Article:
Bowing to pressure from shareholders and the Paris international climate accord, Royal Dutch Shell pledged to increase its investment in renewable fuels and to cut its carbon emissions in half by 2050.
Shell and other big oil companies have moved only sporadically over the last decade toward greater production of wind and solar energy. Now there are signs of a commitment to take climate change more seriously.
In comments to investors, Ben van Beurden, Shell’s chief executive, said that from 2018 to 2020, the company’s new-energies division would spend up to $2 billion a year on renewable energy sources like wind, solar and hydrogen power and on electric-car charging stations.
Shell, Europe’s largest oil company, said it aimed to reduce its greenhouse-gas emissions by 20 percent by 2035 and by half by 2050. The growing global dependence on natural gas, as a replacement for coal, should help Shell meet its goals since it has made a big investment in producing and trading gas.
Environmentalists gave the Shell pledge generally positive reviews, but noted that quicker progress would be needed to protect the climate.
Since the adoption of the 2015 Paris accord, in which most of the countries in the world agreed to set goals to reduce their greenhouse-gas emissions, international oil companies have begun to make more public pledges to reduce their carbon releases.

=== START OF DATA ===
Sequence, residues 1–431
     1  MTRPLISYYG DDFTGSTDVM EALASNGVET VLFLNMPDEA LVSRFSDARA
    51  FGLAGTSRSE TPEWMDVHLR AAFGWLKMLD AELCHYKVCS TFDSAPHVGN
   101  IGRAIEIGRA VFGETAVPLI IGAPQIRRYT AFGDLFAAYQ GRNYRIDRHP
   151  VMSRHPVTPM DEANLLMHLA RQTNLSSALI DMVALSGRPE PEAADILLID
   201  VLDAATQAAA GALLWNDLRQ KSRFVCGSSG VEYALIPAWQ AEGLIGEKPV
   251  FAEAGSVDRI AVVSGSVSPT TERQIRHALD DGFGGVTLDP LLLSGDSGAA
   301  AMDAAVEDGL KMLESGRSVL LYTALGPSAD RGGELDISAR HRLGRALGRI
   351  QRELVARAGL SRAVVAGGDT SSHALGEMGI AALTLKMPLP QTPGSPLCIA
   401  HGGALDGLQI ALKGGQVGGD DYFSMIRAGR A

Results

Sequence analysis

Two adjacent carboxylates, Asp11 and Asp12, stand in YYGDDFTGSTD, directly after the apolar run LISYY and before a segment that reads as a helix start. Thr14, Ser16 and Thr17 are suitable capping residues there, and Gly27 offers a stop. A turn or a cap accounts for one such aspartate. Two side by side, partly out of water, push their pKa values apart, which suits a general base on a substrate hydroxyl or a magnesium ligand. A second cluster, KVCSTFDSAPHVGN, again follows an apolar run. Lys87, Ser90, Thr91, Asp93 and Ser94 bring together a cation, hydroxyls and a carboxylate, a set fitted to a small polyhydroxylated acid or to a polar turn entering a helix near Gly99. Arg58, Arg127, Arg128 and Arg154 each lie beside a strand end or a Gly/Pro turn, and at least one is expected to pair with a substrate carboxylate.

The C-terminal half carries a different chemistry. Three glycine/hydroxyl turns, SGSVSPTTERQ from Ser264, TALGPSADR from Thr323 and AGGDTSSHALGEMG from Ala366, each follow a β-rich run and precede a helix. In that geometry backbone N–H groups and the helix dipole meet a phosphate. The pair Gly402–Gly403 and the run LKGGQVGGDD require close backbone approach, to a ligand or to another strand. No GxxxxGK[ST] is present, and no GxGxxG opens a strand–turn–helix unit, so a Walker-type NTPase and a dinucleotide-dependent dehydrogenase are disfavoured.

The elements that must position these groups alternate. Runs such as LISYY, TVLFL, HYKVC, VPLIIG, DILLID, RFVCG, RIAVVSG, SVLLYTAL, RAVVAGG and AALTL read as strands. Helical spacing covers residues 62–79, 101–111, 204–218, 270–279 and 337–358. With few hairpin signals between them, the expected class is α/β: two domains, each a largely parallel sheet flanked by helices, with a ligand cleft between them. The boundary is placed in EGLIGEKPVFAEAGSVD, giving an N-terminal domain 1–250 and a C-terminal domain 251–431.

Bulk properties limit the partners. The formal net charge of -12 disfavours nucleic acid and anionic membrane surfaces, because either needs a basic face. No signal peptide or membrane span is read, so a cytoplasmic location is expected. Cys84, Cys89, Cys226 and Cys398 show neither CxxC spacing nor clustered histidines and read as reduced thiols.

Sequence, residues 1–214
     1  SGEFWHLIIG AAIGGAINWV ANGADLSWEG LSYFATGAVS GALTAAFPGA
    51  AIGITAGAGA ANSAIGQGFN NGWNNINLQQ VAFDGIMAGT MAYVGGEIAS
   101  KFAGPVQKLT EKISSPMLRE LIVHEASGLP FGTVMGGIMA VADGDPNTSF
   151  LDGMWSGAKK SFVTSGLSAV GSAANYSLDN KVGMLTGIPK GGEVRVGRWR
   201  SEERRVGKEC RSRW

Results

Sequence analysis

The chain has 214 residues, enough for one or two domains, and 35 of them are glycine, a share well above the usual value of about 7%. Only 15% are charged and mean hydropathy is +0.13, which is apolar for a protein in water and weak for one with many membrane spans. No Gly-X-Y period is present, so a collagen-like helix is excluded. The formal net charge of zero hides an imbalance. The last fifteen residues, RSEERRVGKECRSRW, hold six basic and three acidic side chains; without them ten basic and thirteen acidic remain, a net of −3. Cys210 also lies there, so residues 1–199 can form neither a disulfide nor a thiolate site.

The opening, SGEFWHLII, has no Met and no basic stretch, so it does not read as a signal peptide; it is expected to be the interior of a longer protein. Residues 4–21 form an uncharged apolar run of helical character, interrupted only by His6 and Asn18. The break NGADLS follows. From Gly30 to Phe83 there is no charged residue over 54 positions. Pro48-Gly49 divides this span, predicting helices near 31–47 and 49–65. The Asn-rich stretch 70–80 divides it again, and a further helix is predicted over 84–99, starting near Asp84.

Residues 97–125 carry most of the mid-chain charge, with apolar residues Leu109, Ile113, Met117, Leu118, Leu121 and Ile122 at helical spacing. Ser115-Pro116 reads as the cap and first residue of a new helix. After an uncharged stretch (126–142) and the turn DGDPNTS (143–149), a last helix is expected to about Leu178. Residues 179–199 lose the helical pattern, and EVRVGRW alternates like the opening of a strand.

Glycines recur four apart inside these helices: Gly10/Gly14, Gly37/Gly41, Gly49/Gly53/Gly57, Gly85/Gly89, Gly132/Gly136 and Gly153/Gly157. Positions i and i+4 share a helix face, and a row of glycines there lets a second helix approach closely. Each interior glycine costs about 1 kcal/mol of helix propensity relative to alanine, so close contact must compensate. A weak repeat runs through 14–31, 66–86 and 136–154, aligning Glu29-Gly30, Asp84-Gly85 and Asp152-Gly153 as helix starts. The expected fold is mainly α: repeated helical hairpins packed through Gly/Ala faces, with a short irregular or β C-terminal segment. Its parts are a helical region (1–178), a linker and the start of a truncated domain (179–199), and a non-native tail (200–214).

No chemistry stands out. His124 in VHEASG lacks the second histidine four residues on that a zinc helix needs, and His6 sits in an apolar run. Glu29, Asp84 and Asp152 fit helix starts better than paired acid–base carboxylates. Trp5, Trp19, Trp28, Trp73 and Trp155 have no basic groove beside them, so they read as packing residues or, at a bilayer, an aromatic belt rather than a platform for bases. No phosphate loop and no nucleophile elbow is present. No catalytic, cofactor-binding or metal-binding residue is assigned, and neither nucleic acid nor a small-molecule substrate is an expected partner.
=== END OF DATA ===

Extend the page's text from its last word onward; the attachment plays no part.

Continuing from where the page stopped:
Several European oil companies have acknowledged that they would have to leave some carbon resources in the ground. Statoil, the Norwegian oil company, has begun a major shift toward investing in wind power. This month, Shell and seven other oil companies pledged to reduce emissions of methane, a potent greenhouse gas, from leaky pipes and wells.
Shell is working with BMW, Daimler, Ford and Volkswagen to install fast-charging stations on Europe’s highways to make electric cars capable of longer trips. Shell has projected that the expansion of the global electric-car fleet over the next decade will significantly slash gasoline demand.
Perhaps Shell’s most ambitious project is its Quest carbon capture and storage project in Canada, which recovers carbon dioxide emissions from a major oil-sands project and then compresses it into a liquid for storage underground. The project is one of only a few in the world.
While some energy experts say carbon capture could be a useful tool to control climate change, skeptics say the technology is too expensive to be deployed broadly enough to make a real difference.Generally, European oil companies have moved faster on climate efforts than their American counterparts, partly because there is a broader political consensus on the problem on the Continent. Norway, though a major oil producer, is considering removing oil investments from the holdings of its sovereign wealth fund.
Mr. van Beurden said the company would measure the accomplishments of the carbon-reduction effort in reports every five years.
Shell’s carbon pledge followed a shareholder resolution, backed by the company, that called on Shell to embrace targets to improve its performance to control climate change.